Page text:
a diverse business
By Jim Roberts
“Diversity” isn’t a clever marketing slogan in the Peekskill-Cortlandt business community. It’s the past, the present – and the future – of the region’s economy. The energy and entrepreneurship that a vibrant, diverse community generates draws its strength from the wide variety of people who bring their cultures and unique talents.
“Diversity is definitely a strength for our business community,” said Peekskill Mayor Vivian McKenzie. “We have all these diverse businesses here - it’s just a matter of giving them a face in a city. “As we move forward, and new businesses are created, all of us – the Business Improvement District, the Chamber, City Hall and our economic development specialist - are devoted to hitting the pavement, knocking on doors, getting everyone involved and working together.”
In the changing economy of the 2020s, new challenges are emerging and opportunities will arise for communities that can draw on the talents of a cross-section of people from all backgrounds. “ HVGCC’s Board of Directors noted that “Business forms the intersection where everyone from all walks of life and cultures meet to earn a living for their families and find fulfilling work. Serving our members, the community at large and bringing everyone to the table.”
Diversity is the main component of Peekskill today. The population breaks down to 43.9% Hispanic, 30.4% White, 18.5% African-American, and the balance other races. Peekskill’s total population grew by 1,848 to 25,431 over ten years according to the 2020 census, a rate of 7.8%. All the growth came from the increase in the Hispanic population. In Cortlandt, the shift in demographics is even more dramatic, while the town’s population grew by 2% in the ten-year period to 31,916, the Hispanic population increased by 66.9% to 6,753 in 2020 from 4,406 in 2010. The growth of the Hispanic population in the Peekskill-Cortlandt area is a driving economic force.
The Peekskill NAACP website contains links to many of the businesses that are owned and operated by African Americans in Peekskill. “As the president of the NAACP of Peekskill, I find we have a small city with a rich diversity,” said Valerie Eaton. “But when we talk about trying to get more businesses of color being included and having a seat at the table, it’s difficult. Some people, I think, have lost hope. On the other side of the coin, nationally, I hear more talk about it, so hopefully action will follow”, Eaton said.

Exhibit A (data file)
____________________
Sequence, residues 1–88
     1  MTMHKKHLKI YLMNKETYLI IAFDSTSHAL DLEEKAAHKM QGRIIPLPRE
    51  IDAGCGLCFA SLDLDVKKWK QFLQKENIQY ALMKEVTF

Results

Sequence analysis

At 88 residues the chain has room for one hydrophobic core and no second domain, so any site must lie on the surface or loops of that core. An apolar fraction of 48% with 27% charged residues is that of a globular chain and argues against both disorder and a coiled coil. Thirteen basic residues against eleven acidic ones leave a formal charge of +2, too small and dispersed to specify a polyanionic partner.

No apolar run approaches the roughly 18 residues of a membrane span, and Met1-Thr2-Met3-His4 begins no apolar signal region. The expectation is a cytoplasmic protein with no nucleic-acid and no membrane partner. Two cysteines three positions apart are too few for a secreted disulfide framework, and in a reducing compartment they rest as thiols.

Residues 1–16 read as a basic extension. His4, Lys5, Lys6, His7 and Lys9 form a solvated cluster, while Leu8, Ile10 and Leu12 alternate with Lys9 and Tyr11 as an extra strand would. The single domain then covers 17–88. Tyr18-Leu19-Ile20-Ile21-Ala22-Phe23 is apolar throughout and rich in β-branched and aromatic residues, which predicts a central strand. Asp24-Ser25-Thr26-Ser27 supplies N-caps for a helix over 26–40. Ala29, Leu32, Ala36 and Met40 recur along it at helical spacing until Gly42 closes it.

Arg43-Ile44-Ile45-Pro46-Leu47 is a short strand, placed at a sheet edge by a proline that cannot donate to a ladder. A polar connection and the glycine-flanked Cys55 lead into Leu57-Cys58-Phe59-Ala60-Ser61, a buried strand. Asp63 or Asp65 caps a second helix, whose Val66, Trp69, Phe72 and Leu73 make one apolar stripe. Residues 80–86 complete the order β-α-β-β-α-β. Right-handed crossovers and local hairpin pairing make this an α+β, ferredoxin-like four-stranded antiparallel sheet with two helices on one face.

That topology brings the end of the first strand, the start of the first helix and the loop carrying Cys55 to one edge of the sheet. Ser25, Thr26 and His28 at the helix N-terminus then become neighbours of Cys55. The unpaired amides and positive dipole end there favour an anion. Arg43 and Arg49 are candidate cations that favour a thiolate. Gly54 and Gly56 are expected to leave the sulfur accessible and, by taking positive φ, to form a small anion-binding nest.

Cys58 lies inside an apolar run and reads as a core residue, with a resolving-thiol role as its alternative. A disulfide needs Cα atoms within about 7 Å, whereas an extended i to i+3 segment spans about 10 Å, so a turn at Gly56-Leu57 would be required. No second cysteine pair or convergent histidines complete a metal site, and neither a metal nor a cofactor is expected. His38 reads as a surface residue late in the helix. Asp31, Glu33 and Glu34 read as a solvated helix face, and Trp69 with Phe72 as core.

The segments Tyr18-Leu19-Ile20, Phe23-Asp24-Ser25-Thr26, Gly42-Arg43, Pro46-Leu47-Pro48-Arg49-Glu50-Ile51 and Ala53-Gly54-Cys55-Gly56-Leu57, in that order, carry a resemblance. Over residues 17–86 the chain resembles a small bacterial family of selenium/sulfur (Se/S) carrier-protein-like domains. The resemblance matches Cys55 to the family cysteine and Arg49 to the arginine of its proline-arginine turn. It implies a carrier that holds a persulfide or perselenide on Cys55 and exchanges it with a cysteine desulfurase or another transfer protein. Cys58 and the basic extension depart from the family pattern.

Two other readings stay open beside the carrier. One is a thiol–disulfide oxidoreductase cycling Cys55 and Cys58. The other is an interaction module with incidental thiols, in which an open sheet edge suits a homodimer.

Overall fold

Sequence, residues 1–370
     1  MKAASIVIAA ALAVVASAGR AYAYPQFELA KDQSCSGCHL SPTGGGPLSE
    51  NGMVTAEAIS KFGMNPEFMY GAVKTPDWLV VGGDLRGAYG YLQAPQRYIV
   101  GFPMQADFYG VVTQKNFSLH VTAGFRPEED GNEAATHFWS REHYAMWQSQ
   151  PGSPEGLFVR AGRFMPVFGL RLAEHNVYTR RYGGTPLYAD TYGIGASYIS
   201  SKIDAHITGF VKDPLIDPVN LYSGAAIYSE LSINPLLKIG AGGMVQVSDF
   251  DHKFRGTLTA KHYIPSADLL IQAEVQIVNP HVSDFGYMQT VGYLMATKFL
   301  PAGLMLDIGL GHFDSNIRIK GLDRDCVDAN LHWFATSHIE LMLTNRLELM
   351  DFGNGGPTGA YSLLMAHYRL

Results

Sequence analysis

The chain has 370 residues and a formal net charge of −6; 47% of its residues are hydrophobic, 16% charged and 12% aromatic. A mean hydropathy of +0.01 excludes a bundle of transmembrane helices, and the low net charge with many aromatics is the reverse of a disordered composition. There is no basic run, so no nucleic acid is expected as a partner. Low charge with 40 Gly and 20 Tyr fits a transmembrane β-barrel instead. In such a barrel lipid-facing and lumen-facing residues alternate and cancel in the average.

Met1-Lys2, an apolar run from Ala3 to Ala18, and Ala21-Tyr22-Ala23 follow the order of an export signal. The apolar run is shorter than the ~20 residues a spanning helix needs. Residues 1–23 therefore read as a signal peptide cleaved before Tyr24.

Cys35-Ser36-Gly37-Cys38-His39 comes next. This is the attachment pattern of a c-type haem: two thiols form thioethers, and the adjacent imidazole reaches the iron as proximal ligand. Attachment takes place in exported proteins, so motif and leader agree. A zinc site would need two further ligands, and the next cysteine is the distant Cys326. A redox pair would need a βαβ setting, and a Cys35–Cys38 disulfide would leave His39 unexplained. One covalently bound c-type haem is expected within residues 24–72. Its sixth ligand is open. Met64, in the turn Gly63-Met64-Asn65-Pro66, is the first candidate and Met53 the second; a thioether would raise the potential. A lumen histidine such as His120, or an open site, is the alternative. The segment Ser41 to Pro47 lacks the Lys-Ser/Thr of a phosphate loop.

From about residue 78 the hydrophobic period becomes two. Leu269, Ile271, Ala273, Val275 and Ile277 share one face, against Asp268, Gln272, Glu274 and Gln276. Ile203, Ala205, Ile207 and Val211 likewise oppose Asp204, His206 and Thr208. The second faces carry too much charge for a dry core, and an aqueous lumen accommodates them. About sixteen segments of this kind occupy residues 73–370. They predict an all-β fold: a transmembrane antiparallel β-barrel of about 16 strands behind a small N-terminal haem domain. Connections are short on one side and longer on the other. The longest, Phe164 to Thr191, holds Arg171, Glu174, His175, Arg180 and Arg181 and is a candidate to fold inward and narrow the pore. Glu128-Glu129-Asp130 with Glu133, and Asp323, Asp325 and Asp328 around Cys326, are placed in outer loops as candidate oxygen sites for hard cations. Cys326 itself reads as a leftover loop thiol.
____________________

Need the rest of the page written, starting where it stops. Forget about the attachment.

One goal of HVGCC and Councilman Fernandez is to help strengthen the bonds among the different communities. “Right now we do have two different business communities,” Fernandez said. “One of the first barriers is the language, it’s communication. Some of the Hispanic business owners in the community come here to work hard, and they open a business.” They don’t necessarily see the value of joining an organizations like the Chamber, and may think I’m running a business to make a profit and how will this help me? “We need to evaluate how we are welcoming these businesses to the City, the Chamber or other organizations”, Fernandez said.
The next generation of area residents in the schools now reflect the diversity of the Peekskill-Cortlandt region. Education of our diverse student population is a key to the future of business in the Peekskill-Cortlandt region. “Peekskill will continue to be a very diverse community,” Mayor McKenzie said. “We now see some of the children who went off to college coming back to the community and becoming our doctors, our lawyers and business owners. I think you’ll see a real growth of young professionals from the Hispanic community.”